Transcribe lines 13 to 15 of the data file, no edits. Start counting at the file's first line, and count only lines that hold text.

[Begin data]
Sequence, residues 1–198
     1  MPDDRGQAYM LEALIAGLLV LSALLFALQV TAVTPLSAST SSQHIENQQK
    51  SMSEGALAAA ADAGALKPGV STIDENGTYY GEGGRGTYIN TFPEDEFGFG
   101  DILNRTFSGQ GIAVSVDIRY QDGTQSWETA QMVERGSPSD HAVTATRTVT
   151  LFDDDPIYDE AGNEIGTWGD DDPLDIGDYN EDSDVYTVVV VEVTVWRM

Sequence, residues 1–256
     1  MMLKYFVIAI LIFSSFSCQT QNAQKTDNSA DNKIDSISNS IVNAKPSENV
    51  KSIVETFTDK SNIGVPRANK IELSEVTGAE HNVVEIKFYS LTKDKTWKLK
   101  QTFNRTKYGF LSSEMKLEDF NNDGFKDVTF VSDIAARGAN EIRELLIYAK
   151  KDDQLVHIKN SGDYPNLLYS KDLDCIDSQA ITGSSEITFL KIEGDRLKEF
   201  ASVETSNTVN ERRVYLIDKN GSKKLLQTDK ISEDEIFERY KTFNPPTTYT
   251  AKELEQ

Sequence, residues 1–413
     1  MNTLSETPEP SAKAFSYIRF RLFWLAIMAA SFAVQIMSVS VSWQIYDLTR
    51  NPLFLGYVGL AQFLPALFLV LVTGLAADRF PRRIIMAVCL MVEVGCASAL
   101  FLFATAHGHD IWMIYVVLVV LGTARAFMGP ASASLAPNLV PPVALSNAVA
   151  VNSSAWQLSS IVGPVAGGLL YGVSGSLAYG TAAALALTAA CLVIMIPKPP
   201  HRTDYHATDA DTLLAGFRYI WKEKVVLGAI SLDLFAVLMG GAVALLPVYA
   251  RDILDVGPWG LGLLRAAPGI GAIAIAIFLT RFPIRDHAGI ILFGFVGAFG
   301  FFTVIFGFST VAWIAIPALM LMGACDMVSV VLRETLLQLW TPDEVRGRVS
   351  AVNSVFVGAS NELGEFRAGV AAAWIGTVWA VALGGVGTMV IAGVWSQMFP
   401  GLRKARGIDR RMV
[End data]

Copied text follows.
Sequence, residues 1–413
     1  MNTLSETPEP SAKAFSYIRF RLFWLAIMAA SFAVQIMSVS VSWQIYDLTR
    51  NPLFLGYVGL AQFLPALFLV LVTGLAADRF PRRIIMAVCL MVEVGCASAL